Grizzly Bear – Veckatimest
Record Label: Warp Records
Release Date: May 26, 2009
Progress is a funny thing.
Ask most bands about their new material and they’ll go to great lengths about their growth as musicians and as people. Whether they’re turning over a new leaf or simply refining an already developed sound, they’re always moving forward. Such is the nature of life, musical business notwithstanding: as we experience more and more of it, we grow.
There’s a point, though, at which the music business becomes idiosyncratic and this has to do more with the listener than with the musician(s). As fans, we often link the moment at which we first experienced our favorite bands with their “sound” (i.e., what they have and should always sound like). Bands can talk until they’re blue in the face about progress, but if their new music isn’t in large part an incarnation of their ‘original’ sound, we’re not pleased. We say things like, “sure, this album is solid, but it’s nothing compared to _______.” Unfair as it may be, it’s both natural and unavoidable.
The bands that are often the most impressive are those that continue to progress and redefine their sound while consistently releasing superlative material in the eyes of their fans. With the release of full-length studio albums in 2004 and 2006, Brooklyn, NY’s Grizzly Bear was gradually building a name for themselves with a unique, subtly addictive blend of folk, indie rock, and chamber pop. Just as Yellow House supplanted Horn of Plenty as the premium Grizzly Bear material, so has Veckatimest set the new gold standard and this one will be difficult to denigrate.
Fans of the Bear will quickly notice that a much sunnier disposition permeates throughout Veckatimest, as opposed to its predecessors. Sure, there are some moments of atmospheric moodiness (note especially the persistent rhythms and flourishes of “Ready, Able”), but in general, light seems to touch corners that were not previously reached. While this is perhaps most prevalent in the peppy jazz of album opener “Southern Point” and the effervescent vocals that flit in and out of “Cheerleader,” there is one track that rises above the ranks in its sheer, toe-tapping brilliance. Opening with fresh keys that carry the beat throughout, “Two Weeks” absolutely shimmers, easily securing it a spot atop the list of Grizzly Bear’s finest radio-friendly tunes.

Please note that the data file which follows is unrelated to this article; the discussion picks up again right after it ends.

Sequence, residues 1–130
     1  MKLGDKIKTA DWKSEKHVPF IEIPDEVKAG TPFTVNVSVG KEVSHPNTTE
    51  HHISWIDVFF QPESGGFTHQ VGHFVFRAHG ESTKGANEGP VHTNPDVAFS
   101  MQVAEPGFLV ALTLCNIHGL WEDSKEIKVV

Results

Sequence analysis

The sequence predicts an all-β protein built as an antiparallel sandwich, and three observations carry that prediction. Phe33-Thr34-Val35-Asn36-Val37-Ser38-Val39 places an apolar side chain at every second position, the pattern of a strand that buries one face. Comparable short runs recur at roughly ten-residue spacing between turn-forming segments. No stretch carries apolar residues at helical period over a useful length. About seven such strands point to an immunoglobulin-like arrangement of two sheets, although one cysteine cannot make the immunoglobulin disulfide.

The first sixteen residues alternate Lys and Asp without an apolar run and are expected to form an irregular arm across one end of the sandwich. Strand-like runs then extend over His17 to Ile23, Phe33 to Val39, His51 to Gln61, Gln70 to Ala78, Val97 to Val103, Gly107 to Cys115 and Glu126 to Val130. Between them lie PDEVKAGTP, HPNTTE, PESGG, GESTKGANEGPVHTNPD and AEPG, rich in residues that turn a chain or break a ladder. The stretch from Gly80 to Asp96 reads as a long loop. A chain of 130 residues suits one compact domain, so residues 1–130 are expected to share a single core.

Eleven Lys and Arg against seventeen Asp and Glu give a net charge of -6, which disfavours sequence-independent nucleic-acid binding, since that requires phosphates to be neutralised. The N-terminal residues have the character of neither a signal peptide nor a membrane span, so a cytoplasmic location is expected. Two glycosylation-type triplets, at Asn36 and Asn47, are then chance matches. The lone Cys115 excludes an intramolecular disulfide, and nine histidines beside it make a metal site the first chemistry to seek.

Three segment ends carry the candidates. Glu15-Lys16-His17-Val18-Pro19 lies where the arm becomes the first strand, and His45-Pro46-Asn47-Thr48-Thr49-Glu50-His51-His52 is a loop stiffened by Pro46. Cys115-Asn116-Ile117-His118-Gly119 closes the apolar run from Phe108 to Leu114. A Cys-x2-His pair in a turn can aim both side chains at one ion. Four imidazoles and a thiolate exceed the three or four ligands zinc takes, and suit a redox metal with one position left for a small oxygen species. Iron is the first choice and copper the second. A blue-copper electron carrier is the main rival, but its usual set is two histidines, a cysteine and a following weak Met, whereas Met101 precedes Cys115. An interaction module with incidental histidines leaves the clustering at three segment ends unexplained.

Old Schoolers need not fret, there’s enough clever and less-than-accessible composition here to please the Berkeley freshmen. “All We Ask” moves from murky strings to chamber strings in a minute’s time, pleasing with pop before drifting back into the shadows. The band murmurs “I can’t get out/ Of what I’m into with you” over toms, handclaps, and electronic muttering as the tune just fades away. “Fine for Now” brings startlingly well-executed melodies before kicking things up a notch with distorted solos and screaming crash cymbals. The sparse and bubbly “Dory” is downright aquatic and the upbeat rock of “While You Wait for the Others” could be single #2. I would continue, but there’s too much here that’s done right to really cover it all.
With excellent songwriting and superlative production in every direction, Veckatimest is one of those special albums. Very few people will have the guts to drawl through another “oh, it’s good, but I like their older stuff better.” There’s no getting around it on this one. If they fit into any one genre, we’d all be able to nod our heads contentedly and say that Grizzly Bear had sufficiently redefined that genre. Since we’re out of luck there, let’s just say that Grizzly Bear has continued to raise the bar in the world of music and Veckatimest is one of this year’s finest.
Travis your becoming one of my favorite reviewers on this site. I get the feeling this album will really become a great summer record to just "chill out" to. Great review and I will comment more once I get my hands on this release.
Absolutely love Grizzly Bear, I do prefer Yellow House (I have listened to that album well over 150 times) but this is probably my favorite cd of the year so far. My favorite part of the album is the line in Cheerleader where he sings "I should've made it matter."
Going to see them June 2 and I couldn't be more excited.